image: @bellahadid Instagram

image: @bellahadid Instagram

The Securities and Exchange Commission announced on Tuesday that it has settled the multi-million complaint that it filed against Fyre Fest creator Billy McFarland, on the heels of the failed music festival. Leading up to the Exumas, Bahamas-based two-weekend festival – which left festival-goers stranded at the Miami and Exumas airports and failed to provide other accommodations, as promised in its pricey weekend packages, before cancelling the festival in its entirety after guests arrived – McFarland raised “at least $27.4 million from over 100 investors,” according to the U.S. Securities and Exchange Commission (“SEC”), “arising out of an extensive, multi-year offering fraud.”

McFarland agreed to settle charges levied against him in a complaint filed last year by the SEC, the government agency responsible for enforcing the federal securities laws. The SEC alleged that McFarland ran afoul of the antifraud provisions of the federal securities laws by “fraudulently induced investments into his companies Fyre Media, Inc., Fyre Festival LLC, and Magnises, Inc., including in connection with McFarland’s failed venture to host a ‘once-in-a-lifetime’ music festival in the Bahamas.”

The government entity further asserted that “McFarland induced investors to entrust him with tens of millions of dollars by fraudulently inflating key operational, financial metrics and successes of his companies, as well as his own personal success – including by giving investors a doctored brokerage account statement purporting to show personal stock holdings of over $2.5 million when, in reality, the account held shares worth under $1,500.”

The 27-year old entrepreneur then used those “investor funds to bankroll a lavish lifestyle including living in a Manhattan penthouse apartment, partying with celebrities, and traveling by private plane and chauffeured luxury cars.”

“McFarland gained the trust of investors by falsely portraying himself as a skilled entrepreneur running a series of successful media companies.  But this false picture of business success was built on fake brokerage statements and stolen investor funds,” said Melissa Hodgman, Associate Director of the SEC’s Enforcement Division.

The problematic business figure, who was also recently charged with engaging in wire fraud while out on bail in connection with a separate civil case over Fyre Fest, has admitted guilt in connection with the SEC’s allegations against him, agreed to a permanent officer-and-director bar (meaning that he may not legally serve as an officer or director of any public company), and agreed to disgorgement of $27.4 million, to be deemed satisfied by the forfeiture order entered in McFarland’s sentencing in a related criminal case.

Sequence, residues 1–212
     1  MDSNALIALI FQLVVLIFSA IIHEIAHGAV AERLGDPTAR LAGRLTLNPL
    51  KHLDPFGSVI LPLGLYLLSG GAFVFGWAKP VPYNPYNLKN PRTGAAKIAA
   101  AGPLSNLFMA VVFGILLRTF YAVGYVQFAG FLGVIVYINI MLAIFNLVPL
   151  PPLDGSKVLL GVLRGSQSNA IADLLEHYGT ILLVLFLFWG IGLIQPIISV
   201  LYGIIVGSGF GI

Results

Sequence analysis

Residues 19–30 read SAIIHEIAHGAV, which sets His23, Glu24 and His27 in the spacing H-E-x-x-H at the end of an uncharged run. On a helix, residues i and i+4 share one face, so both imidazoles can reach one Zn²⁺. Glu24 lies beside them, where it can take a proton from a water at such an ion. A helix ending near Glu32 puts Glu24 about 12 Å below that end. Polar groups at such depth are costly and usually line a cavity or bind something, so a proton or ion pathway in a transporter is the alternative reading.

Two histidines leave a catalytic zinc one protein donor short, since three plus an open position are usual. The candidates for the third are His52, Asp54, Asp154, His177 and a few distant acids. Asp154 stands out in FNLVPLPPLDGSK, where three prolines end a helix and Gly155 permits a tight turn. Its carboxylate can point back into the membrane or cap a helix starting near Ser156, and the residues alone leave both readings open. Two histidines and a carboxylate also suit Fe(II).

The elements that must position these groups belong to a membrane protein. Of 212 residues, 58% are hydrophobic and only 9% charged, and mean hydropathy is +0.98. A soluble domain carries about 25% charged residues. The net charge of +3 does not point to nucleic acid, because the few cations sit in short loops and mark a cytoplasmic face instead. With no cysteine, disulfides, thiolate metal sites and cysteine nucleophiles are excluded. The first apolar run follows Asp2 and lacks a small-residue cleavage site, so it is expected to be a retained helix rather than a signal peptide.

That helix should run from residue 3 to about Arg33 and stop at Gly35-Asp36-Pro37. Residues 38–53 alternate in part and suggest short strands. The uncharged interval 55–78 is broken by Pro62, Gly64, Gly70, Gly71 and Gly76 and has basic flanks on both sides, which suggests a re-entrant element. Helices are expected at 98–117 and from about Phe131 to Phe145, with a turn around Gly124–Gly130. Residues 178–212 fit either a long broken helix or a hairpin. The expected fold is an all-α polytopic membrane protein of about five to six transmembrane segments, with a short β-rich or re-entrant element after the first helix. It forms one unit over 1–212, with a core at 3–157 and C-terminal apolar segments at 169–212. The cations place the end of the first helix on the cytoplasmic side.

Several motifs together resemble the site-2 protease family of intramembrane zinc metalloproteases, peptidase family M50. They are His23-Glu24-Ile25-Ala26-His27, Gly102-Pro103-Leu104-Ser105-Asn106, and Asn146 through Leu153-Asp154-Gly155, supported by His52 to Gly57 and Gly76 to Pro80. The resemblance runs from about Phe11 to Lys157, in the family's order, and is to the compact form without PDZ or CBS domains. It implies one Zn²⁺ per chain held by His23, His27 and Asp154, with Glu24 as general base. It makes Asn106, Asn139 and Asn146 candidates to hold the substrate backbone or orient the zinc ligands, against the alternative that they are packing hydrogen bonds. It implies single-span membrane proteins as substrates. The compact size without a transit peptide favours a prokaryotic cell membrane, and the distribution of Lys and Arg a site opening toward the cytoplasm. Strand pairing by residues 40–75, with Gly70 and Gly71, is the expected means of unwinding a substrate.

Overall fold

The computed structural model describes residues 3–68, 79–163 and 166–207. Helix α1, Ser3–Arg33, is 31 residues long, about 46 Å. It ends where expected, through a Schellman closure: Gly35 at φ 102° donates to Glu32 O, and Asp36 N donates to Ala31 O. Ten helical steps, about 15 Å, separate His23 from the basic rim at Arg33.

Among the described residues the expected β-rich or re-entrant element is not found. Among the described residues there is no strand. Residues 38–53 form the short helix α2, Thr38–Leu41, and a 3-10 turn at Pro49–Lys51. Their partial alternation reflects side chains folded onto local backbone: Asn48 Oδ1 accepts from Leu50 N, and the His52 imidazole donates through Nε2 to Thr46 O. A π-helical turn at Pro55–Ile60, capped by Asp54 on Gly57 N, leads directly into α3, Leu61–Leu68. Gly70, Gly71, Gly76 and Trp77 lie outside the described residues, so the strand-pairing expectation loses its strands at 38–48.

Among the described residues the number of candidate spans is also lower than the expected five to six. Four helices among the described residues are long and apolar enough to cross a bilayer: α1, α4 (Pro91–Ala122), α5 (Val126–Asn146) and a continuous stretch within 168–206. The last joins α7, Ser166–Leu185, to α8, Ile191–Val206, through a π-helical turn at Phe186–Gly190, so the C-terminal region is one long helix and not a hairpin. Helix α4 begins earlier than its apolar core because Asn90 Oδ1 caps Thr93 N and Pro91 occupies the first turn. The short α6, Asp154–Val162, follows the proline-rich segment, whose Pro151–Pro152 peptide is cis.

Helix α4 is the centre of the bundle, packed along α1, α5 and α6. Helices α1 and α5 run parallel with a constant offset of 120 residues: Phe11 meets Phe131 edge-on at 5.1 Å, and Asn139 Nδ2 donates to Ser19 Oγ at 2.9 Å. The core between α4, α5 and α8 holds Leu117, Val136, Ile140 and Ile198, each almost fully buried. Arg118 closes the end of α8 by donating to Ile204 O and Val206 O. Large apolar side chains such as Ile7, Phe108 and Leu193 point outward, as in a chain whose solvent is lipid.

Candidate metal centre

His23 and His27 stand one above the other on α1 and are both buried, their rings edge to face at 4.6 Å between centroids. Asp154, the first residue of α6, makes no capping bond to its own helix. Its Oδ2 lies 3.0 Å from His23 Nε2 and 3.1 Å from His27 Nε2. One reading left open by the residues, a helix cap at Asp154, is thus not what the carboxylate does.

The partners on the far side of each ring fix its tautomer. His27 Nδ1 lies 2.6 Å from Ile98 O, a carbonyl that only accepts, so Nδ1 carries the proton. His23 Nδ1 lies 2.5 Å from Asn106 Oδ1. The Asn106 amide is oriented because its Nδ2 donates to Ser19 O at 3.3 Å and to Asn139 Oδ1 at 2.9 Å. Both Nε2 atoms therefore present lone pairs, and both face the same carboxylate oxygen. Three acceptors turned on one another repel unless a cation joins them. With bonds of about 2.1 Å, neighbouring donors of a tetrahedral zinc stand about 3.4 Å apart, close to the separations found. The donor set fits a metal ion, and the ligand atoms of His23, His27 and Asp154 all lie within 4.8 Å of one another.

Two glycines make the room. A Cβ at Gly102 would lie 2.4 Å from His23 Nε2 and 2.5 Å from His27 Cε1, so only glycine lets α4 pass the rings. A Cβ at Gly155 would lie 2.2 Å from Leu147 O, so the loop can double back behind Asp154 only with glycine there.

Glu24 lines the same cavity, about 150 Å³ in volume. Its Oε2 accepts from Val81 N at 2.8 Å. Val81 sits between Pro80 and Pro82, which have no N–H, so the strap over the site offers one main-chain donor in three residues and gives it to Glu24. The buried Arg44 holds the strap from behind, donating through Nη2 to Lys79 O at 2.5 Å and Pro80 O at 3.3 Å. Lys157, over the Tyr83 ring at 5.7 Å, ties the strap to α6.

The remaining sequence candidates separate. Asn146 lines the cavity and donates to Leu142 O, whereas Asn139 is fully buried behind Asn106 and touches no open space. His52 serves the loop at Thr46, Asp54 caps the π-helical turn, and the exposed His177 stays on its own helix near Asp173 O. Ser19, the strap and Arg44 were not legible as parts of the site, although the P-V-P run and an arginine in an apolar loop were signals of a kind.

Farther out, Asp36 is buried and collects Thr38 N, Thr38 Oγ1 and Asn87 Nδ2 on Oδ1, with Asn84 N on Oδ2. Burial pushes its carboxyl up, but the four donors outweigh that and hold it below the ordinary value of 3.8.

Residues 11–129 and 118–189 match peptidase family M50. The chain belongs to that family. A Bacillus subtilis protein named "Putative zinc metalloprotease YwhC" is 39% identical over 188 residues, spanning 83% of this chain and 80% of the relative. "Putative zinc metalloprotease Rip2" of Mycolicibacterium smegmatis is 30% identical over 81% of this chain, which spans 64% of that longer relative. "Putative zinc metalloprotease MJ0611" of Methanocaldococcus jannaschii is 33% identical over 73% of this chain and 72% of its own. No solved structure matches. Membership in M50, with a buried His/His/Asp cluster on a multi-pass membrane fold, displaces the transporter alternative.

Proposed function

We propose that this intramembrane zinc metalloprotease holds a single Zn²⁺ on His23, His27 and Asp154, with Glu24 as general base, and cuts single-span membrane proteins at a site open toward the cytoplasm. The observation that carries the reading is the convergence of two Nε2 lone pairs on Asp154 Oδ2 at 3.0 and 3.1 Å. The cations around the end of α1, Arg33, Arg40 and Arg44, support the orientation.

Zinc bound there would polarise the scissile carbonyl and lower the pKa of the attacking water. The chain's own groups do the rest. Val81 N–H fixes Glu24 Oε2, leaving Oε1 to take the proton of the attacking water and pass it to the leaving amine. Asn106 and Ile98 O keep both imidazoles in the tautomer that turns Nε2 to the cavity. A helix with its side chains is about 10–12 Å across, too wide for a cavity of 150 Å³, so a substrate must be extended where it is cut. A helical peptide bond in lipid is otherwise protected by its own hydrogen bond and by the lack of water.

While the SEC’s case against McFarland is just about finished, save for court approval of the settlement, a number of civil cases filed against McFarland by Fyre Festival ticketholders are still pending.

One such case – which was filed by Seth Crossno and co-plaintiff Mark Thompson, who spent more than $13,000 on the festival, according to the lawsuit, and sought upwards of $25,000 in damages from McFarland and co. in connection with claims of fraud, negligent misrepresentation, breach of contract, breach of implied covenant of good faith and fair dealing, negligence, unfair and deceptive trade practices and conspiracy to commit fraud – recently came to a close. In that case, which played out in a North Carolina state court, Crossno and Thompson were handed a win by way of a default judgment after McFarland failed to respond to more than a year’s worth of court proceedings.

An investigation that does not appear to be underway? One by the Federal Trade Commission (“FTC”) in connection with the array of sponsored social media posts that models Alessandra Ambrosio, Bella Hadid, Hailey Baldwin, Emily Ratajkowski, Elsa Hosk, Paulina Vega, Lais Ribeiro, Rose Bertram, Gizele Oliveira and Hannah Ferguson, among others, posted as part of the larger marketing scheme for the festival.

The aforementioned models, amongst others, all took to their Instagram accounts in the spring of 2017 to post an slew of photos from a Bahamian getaway. Their documentation of their trip  which was a promotional one in connection with Fyre Festival  came alongside another image that they all posted: An orange color swatch bearing the following language, “So excited to announce the first ever #fyrefestival @fyrefestival” None of the imagery included any formal disclosures of their connection with McFarland or the festival, thereby almost certainly running afoul of the FTC’s disclosure guidelines

None of the model/influencers were named in connection with the SEC’s investigation.